Crowd gathers to speak against national police brutality in Woodruff Park

Protestors gathered at Woodruff Park for the Stop Murder by Police event on April 14. Photo by John Miller | The Signal

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Stop Mass Incarceration Network members and protesters carried picket signs and megaphones for the Stop Murder by Police event held in Woodruff Park on Tuesday, April 14 at 2:30 p.m.

The network is concerned with bringing attention to and preventing race-motivated aggression by police, according to their website.

The event called for the skipping of work and school in order to demand justice for crimes committed by police throughout the country, according to the event’s flyers.

Tee Stern, a member of the network, said the main objective was to bring attention to and eventually stop police brutality in the United States.

“, which was founded by Cornel West and Carl Dix, has called for a national day all across the country for no business-as-usual, because business-as-usual is the murder of people by police,” she said.

Miranda Mendicino, Georgia State sophomore interdisciplinary law & society major, attended the event and said she was informed about it beforehand.

“I think it’s a very important cause,” she said. “I think it’s time people realize how militant and brutal our police are and how skewed and corrupt our system is.”

David Mournighan, a linguistics major at Georgia State, said he didn’t previously hear about the network or the Stop Murder by Police event but stopped by on his way to class to support the cause.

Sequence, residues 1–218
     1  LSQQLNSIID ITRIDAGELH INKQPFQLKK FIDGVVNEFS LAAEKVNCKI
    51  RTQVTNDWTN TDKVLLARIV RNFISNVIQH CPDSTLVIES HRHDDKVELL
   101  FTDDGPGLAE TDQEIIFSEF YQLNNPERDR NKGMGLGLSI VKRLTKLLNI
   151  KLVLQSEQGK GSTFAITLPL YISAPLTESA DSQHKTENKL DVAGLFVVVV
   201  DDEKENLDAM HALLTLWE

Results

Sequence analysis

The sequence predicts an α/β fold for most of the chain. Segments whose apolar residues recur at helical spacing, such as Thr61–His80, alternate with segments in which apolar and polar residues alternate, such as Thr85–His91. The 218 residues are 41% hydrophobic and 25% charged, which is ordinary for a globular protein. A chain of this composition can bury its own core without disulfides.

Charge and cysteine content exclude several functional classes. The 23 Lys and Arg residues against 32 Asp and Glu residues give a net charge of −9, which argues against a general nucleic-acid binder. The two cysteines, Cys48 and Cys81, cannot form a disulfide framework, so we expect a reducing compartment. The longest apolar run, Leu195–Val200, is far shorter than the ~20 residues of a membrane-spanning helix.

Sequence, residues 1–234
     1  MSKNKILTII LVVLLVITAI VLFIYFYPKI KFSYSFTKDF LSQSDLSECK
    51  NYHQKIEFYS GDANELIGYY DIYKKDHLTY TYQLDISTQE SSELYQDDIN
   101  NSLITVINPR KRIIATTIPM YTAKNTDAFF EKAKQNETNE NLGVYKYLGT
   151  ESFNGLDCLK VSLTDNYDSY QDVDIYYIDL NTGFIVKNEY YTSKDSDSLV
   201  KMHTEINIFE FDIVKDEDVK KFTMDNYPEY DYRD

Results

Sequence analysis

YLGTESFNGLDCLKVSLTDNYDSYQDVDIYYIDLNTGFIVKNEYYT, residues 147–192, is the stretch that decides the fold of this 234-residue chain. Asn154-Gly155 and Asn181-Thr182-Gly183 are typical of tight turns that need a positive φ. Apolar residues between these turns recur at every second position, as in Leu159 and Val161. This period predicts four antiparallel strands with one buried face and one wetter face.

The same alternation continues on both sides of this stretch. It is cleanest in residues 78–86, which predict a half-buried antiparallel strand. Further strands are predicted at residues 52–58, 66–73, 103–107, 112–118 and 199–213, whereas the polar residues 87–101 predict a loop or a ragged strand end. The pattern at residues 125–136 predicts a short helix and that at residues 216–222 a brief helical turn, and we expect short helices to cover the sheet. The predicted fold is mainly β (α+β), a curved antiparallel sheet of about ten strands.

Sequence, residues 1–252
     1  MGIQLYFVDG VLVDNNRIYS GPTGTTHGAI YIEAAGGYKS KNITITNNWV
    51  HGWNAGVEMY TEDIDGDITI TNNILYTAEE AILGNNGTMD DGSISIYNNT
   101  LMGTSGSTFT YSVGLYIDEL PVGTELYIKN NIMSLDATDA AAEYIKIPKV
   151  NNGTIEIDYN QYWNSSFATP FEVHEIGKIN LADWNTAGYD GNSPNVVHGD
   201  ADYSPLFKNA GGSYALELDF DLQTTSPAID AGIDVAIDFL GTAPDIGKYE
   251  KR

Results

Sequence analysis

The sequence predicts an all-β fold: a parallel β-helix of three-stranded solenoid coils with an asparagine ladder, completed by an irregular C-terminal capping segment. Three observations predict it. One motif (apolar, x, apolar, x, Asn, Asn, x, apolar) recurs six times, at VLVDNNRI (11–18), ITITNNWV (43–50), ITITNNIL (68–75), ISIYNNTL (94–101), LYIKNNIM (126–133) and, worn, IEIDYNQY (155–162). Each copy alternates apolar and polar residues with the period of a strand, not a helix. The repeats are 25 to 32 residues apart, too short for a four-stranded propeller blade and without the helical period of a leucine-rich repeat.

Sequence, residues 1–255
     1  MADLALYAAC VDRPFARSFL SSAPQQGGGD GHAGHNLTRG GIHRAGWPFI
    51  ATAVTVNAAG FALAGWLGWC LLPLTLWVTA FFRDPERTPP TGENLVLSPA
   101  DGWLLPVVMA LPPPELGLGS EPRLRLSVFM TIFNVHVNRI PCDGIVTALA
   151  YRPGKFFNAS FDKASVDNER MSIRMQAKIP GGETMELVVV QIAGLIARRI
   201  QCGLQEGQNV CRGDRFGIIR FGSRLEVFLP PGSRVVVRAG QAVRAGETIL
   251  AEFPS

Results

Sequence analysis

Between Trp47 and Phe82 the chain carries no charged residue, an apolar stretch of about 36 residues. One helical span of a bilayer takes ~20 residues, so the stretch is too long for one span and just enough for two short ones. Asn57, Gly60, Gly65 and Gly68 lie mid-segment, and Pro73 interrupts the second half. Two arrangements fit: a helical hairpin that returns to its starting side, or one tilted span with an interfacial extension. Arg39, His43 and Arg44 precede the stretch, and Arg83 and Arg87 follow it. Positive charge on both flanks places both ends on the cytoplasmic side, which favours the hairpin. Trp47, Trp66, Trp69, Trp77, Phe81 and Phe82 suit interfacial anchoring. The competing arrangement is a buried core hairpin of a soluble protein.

“I was walking to class and I saw the signs. So I figured that since it’s a cause I believe in I’d stick around,” he said.

Additional events were held in more than 20 cities throughout the country, such as New York and San Francisco, according to the press release.

Families of police brutality victims also spoke out during rallies, according to Stop Mass Incarceration Network’s press release.

“Graphic videotaped police murders of Walter Scott in South Carolina and Eric Harris in Oklahoma underscore the need for people all across the country to stand up and say NO MORE to police being given a green light to murder people,” the press release stated.

Georgia State Police Department Deputy Chief Carlton Mullis said accountability is important to him.

“We have responsibilities ourselves, to be responsible to the community. That is key,” he said. “Police are part of the community. We’re not some separate entity. We grow up, live and work in the community.”